While economists are waiting to measure the impact of Ottawa’s new mortgage rules on home sales, the fallout on alternative mortgage lenders has already been considerable. 

Sherry Cooper, chief economist for Dominion Lending Centres, said the uncertainty surrounding the federal government’s latest efforts to tame Canada’s hottest housing markets has resulted in “a spate” of alternative lenders suspending their mortgage activities.

While Cooper did not name any firms, she told BNN in an interview that some lenders have decided “until further notice, until the dust clears, we are no longer making loans, we are not making renewals.”

Cooper added that, “What has happened, is that the rules of the game have changed and there are some specific situations that are unclear. For example, what about all those people who have put down deposits on a condo project that is now under construction and won’t be delivered for a year or two? Will these people be subject to the stress tests on a five-year fixed rate?”

Toronto-based mortgage lender Merix has suspended its investment property programs for rentals, and said that refinancing programs must close before Nov. 15. Ottawa’s new mortgage eligibility rules are set to take effect on Nov. 30.  

True North Mortgage chief executive Dan Eisner told BNN in an email that many of the company’s funding sources have “either announced substantial changes or have reached out to us to tell us substantial changes are coming.”

Eisner added that the mortgage broker expects real estate transactions to fall about 40 per cent over the next few months, in a similar way that Vancouver was affected after a new tax on foreign homebuyers was implemented in August.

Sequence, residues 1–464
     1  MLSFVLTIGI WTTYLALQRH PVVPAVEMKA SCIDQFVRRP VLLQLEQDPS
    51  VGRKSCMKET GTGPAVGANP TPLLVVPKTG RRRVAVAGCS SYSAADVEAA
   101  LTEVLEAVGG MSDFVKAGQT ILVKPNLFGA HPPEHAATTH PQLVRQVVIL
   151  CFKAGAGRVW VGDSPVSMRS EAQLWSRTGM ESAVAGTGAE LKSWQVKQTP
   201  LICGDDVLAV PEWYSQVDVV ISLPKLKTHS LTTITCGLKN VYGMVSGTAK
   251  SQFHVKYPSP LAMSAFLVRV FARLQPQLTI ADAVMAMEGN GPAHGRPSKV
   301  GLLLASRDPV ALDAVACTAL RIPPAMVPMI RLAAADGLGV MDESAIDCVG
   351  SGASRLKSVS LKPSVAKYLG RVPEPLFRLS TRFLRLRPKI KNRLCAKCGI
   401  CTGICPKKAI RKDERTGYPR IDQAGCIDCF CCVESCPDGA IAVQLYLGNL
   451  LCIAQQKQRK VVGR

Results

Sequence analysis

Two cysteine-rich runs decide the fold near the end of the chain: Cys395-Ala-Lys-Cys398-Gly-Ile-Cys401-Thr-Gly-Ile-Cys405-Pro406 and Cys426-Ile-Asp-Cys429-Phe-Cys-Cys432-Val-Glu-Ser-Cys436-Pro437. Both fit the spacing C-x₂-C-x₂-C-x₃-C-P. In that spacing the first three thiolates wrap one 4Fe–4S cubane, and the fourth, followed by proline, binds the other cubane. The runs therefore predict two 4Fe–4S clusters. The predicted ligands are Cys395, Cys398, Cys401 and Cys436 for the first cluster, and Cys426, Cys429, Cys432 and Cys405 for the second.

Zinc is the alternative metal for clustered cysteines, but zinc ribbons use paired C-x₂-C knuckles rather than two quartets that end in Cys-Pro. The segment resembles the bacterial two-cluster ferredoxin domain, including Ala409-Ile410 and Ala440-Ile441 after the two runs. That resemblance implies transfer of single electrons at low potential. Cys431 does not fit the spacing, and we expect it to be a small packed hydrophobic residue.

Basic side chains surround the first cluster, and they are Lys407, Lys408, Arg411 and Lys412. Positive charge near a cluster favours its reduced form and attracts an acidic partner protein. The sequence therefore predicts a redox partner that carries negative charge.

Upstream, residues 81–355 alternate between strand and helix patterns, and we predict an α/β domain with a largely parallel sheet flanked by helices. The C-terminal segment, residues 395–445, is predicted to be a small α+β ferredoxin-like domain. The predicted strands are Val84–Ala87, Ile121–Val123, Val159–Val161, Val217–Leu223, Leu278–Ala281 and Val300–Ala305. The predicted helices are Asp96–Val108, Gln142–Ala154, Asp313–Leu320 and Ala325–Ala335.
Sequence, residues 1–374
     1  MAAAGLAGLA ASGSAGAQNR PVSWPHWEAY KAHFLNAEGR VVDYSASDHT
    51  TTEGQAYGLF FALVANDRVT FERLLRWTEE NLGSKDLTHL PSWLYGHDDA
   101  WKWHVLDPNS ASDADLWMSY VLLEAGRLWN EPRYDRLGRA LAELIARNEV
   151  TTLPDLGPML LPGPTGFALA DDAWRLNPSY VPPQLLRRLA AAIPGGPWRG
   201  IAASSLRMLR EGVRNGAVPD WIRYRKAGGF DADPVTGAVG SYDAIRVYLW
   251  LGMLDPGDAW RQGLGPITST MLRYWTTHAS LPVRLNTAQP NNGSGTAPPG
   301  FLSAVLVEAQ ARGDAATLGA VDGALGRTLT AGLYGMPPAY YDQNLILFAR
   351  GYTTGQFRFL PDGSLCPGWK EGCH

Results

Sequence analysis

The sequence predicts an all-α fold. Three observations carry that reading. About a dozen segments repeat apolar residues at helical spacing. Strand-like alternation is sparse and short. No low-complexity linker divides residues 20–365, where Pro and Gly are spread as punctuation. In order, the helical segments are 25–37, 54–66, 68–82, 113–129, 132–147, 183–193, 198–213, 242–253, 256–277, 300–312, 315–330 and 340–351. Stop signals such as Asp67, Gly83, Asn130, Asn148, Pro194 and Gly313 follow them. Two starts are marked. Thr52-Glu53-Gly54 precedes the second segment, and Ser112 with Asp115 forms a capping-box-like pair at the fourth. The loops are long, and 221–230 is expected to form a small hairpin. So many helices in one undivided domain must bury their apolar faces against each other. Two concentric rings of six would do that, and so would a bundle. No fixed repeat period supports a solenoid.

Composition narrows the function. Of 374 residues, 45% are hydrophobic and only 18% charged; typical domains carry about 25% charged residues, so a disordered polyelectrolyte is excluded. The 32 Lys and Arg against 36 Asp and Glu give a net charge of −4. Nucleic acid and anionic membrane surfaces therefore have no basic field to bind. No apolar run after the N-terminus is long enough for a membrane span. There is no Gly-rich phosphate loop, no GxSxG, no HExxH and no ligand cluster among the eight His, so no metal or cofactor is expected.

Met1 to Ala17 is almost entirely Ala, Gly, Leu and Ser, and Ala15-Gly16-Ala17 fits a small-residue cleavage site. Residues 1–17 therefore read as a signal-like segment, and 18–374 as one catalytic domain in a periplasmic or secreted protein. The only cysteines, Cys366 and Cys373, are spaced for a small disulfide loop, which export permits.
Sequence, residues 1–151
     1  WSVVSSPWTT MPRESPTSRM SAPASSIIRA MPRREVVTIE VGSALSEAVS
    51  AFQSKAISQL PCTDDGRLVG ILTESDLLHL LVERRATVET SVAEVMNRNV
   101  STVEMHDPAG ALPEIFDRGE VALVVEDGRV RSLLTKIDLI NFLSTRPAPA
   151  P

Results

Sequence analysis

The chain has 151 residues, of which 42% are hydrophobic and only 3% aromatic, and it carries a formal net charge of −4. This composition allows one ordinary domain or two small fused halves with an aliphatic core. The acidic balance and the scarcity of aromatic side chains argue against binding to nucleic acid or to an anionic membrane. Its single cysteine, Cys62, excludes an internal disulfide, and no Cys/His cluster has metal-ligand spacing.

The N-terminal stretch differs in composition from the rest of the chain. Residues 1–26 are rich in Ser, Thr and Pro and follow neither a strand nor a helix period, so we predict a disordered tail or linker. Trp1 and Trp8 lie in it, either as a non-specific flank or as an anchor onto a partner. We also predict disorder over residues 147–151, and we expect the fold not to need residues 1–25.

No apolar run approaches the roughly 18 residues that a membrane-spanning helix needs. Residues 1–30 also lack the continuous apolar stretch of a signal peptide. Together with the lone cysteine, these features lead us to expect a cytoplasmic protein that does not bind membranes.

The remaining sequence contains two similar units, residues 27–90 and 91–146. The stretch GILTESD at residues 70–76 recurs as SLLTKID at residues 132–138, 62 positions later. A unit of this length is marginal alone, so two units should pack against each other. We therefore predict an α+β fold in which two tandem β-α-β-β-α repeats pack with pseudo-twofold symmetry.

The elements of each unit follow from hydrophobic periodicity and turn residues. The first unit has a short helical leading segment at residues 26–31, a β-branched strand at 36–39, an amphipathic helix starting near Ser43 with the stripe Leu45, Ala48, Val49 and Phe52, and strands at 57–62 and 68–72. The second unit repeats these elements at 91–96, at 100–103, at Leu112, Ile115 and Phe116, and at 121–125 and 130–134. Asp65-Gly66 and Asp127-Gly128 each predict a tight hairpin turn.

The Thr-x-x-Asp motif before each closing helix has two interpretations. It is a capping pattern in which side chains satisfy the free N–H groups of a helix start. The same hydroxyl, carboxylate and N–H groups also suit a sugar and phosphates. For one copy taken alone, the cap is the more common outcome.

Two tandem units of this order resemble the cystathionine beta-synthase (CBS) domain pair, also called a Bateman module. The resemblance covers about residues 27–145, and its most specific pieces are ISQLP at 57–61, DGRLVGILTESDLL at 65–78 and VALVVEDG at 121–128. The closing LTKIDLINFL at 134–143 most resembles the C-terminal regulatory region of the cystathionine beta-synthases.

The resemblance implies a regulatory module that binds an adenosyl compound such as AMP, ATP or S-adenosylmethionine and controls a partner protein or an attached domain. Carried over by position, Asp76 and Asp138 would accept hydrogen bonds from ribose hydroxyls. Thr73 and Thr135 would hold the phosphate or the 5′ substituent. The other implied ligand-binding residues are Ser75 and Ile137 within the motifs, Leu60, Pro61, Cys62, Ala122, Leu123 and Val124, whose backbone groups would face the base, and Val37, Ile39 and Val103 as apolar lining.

One non-bank mortgage lender, Street Capital Group, released a statement on Thursday that highlights how the industry is bracing for the full impact of Ottawa’s housing changes.

“While the company expects that in the near term there may be a negative impact on new prime mortgage originations generally in the market, the company believes it is strategically well placed for future growth and profitability given its planned transition to a Schedule I bank,” Street Capital said in a statement.

Based on Wednesday’s closing prices, alternative lender First National has plummeted almost 20 per cent over the last three days. Genworth MI Canada’s stock has tumbled almost 12 per cent over two days, while Equitable Group has dropped 9 per cent over the same period. 

At Ontario’s largest credit union Meridian, it’s ‘business as usual” right now, according to President and CEO Bill Maurin. He told BNN in an interview they are still “assessing the impact” of Ottawa’s new lending rules.

“We don’t have any major concerns around the impact going forward on our business, but there will be impacts from a fee and cost of funding perspective for sure,” Maurin said.  

The federal government’s housing moves have also spurred investors to look for signs of a U.S.-style mortgage disaster in Canada, said Michael Scanlon, portfolio manager at Manulife Asset Management, in an interview with BNN.

“I’m hearing a lot of the same buzz words that we heard in the U.S. in terms of the distressed ability to pay mortgages that have been taken on in the last couple of years,” Scanlon said.

He said investors are “overreacting” and jumping to conclusions that the Canadian market is similar to the U.S.

“It’s the same situation where these companies are getting hit disproportionately, [compared to] what the actual result might be,” Scanlon said.

“A lot of short term traders see potential for blood in the water and they jump all over these things. And sometimes it just doesn’t come to fruition.”

On Monday, Finance Minister Bill Morneau unveiled a number of new housing measures including more robust stress tests on mortgages, and the closing of a loophole that allows homeowners to avoid paying capital gains tax on the sale of a principal residence.